The Russian Direct Investment Fund (RDIF) the investor which has funded the development of Russia’s Sputnik V anti-coronavirus vaccine, could not comment on the halt of AstraZeneca trials, it said in a statement. However, RDIF pointed out that the fund’s CEO Kirill Dmitriev had previously discussed the differences between the human adenoviral vector-based platform used in Russia’s Sputnik V vaccine and those used by scientists abroad.
As such, Dmitriev argued that the vector used by Russian scientists has “a much greater safety track record” in comparison to the “novel unproven technologies such as monkey adenoviral vectors or mRNA” used by their international colleagues.
“The safety of the human adenoviral vector used in Sputnik V has been proven over decades in over 250 clinical studies, as human adenovirus has been shown to be the safest vaccine delivery mechanism and the most ‘organic for humans’, as human adenovirus has coexisted with humans for over 100,000 years,” RFID said.
Meanwhile, “mRNA and monkey adenoviral vector-based platforms have not been studied over a long period of time,” RDIF CEO Dmitriev pointed out this Tuesday.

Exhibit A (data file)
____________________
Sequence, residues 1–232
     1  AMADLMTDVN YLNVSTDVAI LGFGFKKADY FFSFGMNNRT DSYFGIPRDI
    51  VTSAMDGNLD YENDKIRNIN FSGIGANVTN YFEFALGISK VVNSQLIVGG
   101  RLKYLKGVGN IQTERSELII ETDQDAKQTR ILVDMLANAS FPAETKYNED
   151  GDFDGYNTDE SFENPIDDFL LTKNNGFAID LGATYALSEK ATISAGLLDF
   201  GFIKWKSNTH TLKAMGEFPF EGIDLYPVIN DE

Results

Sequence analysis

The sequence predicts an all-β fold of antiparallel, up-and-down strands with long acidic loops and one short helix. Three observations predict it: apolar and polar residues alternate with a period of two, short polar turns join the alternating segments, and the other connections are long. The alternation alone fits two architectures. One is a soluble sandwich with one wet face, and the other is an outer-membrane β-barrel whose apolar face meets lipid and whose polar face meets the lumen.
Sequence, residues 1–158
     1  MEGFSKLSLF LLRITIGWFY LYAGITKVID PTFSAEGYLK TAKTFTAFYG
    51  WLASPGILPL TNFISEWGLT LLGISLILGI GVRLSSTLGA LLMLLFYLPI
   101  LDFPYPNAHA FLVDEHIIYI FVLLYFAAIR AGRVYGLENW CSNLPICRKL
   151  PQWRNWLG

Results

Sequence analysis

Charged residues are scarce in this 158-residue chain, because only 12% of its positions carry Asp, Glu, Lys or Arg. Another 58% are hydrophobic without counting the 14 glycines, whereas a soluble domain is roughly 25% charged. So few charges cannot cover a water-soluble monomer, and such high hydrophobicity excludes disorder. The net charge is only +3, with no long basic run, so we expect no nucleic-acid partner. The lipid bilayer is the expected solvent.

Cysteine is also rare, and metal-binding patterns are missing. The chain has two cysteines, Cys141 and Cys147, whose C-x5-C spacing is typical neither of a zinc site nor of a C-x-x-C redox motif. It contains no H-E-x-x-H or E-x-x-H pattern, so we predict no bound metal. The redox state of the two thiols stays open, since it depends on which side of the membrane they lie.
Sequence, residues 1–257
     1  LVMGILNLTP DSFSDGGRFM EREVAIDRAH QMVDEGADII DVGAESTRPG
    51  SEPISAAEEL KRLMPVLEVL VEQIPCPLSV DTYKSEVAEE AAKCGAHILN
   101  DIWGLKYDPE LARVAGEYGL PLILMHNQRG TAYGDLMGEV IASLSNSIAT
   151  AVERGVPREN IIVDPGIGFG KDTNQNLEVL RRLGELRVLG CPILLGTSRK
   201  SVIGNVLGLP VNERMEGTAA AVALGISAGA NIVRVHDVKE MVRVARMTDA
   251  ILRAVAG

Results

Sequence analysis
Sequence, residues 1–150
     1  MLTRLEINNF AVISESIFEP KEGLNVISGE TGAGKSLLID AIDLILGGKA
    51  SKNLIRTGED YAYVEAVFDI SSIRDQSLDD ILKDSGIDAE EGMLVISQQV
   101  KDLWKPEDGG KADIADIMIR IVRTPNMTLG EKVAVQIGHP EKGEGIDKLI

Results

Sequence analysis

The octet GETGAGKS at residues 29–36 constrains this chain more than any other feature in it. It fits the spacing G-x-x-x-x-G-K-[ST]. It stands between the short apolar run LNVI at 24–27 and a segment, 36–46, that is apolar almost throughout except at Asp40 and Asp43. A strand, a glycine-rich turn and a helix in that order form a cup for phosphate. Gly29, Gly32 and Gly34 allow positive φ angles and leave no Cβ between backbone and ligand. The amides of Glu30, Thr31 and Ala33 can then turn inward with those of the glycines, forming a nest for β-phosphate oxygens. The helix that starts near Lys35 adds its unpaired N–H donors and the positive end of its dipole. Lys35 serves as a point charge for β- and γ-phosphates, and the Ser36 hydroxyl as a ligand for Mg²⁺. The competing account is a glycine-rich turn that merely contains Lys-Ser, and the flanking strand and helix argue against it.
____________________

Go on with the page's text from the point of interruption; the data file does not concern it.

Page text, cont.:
Commenting on the so-called “pledge of safety” earlier voiced by the CEOs of AstraZeneca, BioNTech, GlaxoSmithKline, Johnson & Johnson, Merck, Moderna, Novavax, Pfizer and Sanofi in relation to the development of the first COVID-19 vaccines, Dmitriev stressed that this plea was “insufficient” as it did not “discuss the lack of long-term studies on the carcinogenic effects and impact on fertility of newly-developed vaccine technologies”.
“Since some of the companies developing these vaccines have taken the ‘pledge of safety’, we would like to stress that public health and safety requires not only short-term evidence of a lack of serious adverse effects, but also the safety and efficacy proved by the results of long-term studies,” Dmitriev added.
AstraZeneca COVID-19 Vaccine Trials on Pause
It was revealed this week that the third round of trials for the AstraZeneca anti-COVID-19 vaccine has been halted due to a “potentially unexplained illness” which had developed in a participant in the United Kingdom, without further specifications about the nature of possible side effects. The vaccine in question was developed in partnership with Oxford University and has reportedly involved around 30,000 participants in the UK, US, Brazil and South Africa. AstraZeneca described the pause as “routine” one to allow for a “standard review process” of “safety data”.
Russia’s First Anti-Coronavirus Vaccine
On 11 August, Russia registered the world’s first vaccine against COVID-19, called Sputnik V, which was developed by the Gamaleya National Research Centre of Epidemiology and Microbiology and the RDIF after several rounds of clinical trials. On Monday, the vaccine was made available to the public.
According to RDIF, Russia has now received requests for 1 billion doses of the vaccine; at least 20 countries, including the UAE, Saudi Arabia, Indonesia, Philippines, Mexico, Brazil and India, have expressed an interest in obtaining Sputnik V.